Knowing how costs change as volume or activities change is helpful when making business decisions. For example, if most of a product's costs are fixed, then a company's total costs will increase only slightly when more units are produced and sold. Understanding this cost behavior might lead to special promotions that will increase profits and sales.
Costs and expenses that do not increase with reasonable increases in volume are known as fixed costs. Examples of fixed costs are the salaries of managers, property tax, and depreciation.
Costs and expenses that increase in total as volume increases are variable costs and expenses. A product's direct materials, direct labor, and some overhead costs are variable costs. Two examples of variable overhead costs are the electricity to power the equipment in the manufacturing process and factory supplies.
Some costs are mixed costs, which means partly fixed and partly variable. An example might be maintenance costs. You can determine how much of a mixed cost is fixed and how much is variable by using several techniques. One technique is to plot the costs on a graph where the y-axis is the total cost and the x-axis is the amount of volume or activity. If the plotted points form a straight line, you can extend the line through the y-axis. The point where the line intersects the y-axis is the amount of the fixed cost.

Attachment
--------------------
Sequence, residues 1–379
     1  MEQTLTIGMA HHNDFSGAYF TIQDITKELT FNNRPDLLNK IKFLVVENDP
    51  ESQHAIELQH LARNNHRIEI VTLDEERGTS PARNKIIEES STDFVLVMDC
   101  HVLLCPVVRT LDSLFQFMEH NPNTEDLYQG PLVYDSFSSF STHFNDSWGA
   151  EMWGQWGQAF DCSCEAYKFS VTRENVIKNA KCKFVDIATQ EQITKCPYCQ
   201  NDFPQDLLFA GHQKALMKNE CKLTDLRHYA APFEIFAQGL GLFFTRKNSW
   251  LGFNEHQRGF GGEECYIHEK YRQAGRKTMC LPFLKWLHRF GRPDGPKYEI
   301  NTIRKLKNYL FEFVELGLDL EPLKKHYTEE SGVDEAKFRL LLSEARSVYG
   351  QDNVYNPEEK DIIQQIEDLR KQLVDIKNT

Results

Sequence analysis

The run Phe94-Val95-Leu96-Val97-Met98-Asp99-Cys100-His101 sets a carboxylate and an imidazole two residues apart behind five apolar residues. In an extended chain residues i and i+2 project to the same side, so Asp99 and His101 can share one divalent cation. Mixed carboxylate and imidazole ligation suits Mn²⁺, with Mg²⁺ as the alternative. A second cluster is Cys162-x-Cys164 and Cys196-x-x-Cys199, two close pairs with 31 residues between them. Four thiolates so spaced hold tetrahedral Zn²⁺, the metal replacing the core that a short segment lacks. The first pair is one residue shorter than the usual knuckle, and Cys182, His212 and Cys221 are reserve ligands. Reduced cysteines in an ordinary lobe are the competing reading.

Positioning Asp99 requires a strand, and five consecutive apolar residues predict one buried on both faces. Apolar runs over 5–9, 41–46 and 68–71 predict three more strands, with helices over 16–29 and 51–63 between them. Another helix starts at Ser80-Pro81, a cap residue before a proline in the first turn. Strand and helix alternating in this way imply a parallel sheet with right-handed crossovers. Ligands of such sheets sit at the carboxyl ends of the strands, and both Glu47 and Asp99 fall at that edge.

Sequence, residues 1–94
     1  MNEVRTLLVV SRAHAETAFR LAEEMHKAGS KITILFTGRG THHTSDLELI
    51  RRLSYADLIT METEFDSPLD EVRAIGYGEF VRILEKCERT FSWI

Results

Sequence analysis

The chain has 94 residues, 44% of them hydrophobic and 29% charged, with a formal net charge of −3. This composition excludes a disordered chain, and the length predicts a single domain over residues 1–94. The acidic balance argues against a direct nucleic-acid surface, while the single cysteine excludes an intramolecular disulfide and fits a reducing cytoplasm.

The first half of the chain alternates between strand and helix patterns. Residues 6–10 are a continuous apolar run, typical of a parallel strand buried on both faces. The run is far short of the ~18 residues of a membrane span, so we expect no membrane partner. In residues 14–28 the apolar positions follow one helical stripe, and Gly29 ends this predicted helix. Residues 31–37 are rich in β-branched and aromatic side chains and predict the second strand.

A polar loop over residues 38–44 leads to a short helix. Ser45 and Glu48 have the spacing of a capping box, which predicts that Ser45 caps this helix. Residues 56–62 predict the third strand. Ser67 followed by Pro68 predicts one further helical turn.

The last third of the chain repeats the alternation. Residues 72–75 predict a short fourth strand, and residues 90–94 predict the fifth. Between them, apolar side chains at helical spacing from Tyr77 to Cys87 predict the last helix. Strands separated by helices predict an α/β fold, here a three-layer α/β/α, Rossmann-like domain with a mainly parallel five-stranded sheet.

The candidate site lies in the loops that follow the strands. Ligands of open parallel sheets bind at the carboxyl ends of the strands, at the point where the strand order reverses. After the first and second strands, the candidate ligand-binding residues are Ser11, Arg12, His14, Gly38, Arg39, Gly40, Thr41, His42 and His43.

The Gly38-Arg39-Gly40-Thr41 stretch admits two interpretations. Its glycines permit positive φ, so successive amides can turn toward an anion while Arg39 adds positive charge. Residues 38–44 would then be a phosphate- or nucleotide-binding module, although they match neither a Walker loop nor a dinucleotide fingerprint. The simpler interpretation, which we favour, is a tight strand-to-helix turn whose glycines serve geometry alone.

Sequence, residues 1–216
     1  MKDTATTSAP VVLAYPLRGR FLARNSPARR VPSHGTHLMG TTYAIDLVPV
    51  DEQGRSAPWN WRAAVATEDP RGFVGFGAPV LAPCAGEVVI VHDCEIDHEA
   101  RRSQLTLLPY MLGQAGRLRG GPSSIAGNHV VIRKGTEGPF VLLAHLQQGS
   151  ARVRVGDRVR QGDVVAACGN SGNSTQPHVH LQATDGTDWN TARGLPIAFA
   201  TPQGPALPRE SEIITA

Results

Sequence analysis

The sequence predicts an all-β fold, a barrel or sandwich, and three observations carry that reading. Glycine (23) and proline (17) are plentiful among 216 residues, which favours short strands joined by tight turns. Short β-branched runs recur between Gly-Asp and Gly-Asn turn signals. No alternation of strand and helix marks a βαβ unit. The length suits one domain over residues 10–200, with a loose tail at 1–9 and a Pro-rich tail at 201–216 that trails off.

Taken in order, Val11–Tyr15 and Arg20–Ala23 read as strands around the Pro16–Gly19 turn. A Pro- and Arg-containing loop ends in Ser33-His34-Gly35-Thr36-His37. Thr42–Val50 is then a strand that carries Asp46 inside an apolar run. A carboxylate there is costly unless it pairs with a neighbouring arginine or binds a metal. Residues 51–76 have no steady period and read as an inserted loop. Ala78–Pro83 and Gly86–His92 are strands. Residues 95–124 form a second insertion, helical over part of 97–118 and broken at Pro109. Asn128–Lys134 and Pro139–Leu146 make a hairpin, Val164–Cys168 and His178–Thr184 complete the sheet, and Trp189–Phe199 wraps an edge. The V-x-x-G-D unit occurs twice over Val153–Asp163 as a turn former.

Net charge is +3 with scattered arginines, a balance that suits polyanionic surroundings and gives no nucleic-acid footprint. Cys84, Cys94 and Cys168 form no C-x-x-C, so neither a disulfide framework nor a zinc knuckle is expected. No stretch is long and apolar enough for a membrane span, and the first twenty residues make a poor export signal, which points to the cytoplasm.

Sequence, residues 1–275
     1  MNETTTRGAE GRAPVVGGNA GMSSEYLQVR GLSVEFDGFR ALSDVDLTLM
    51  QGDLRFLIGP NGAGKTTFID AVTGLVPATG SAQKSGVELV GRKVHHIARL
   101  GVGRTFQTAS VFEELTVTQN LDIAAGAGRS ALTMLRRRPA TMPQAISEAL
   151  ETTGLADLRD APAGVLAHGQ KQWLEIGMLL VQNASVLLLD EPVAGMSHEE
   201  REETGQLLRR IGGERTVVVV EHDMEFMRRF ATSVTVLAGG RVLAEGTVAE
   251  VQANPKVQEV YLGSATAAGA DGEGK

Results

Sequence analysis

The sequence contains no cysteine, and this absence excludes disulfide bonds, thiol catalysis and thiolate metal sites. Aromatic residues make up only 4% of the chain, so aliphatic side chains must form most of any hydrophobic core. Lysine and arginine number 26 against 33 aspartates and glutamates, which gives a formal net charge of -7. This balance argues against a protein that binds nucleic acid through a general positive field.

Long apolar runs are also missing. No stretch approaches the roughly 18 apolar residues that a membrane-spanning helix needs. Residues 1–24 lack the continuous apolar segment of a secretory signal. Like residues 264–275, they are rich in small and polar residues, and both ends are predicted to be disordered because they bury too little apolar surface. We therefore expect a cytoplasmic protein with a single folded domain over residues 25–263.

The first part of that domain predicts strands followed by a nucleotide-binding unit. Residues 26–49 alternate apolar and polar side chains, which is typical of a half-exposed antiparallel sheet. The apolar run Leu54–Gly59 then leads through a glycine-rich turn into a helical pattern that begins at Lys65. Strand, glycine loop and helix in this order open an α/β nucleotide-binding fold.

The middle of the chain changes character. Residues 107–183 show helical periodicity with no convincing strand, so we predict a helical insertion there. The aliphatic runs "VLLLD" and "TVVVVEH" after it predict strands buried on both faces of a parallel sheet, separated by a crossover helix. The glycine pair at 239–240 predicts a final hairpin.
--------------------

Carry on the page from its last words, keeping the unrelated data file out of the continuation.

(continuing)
Another technique is the high-low method. With this method, you compare the total cost at the highest level of activity to the total cost at the lowest level of activity. The variable cost rate is the difference in total cost divided by the difference in the volume of activity.
A more sophisticated technique for separating the fixed and variable costs in a mixed cost is regression analysis. This technique computes the best fitting line through the plotted points by utilizing the least-squares method.
Break-even analysis utilizes the concept known as contribution margin. Contribution margin is defined as sales dollars minus variable costs and variable expenses. If a product sells for $10 and its variable costs and variable expenses are $6, the contribution margin is $4 per unit. The formula for the break-even point in units of product is the total fixed costs divided by the contribution margin per unit. For example, if the total fixed costs are $40,000 and the contribution margin per unit is $4, the break-even point is 10,000 units ($40,000 divided by $4).
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Harold Averkamp (CPA, MBA) has worked as a university accounting instructor, accountant, and consultant for more than 25 years. He is the sole author of all the materials on AccountingCoach.com. Read more about the author.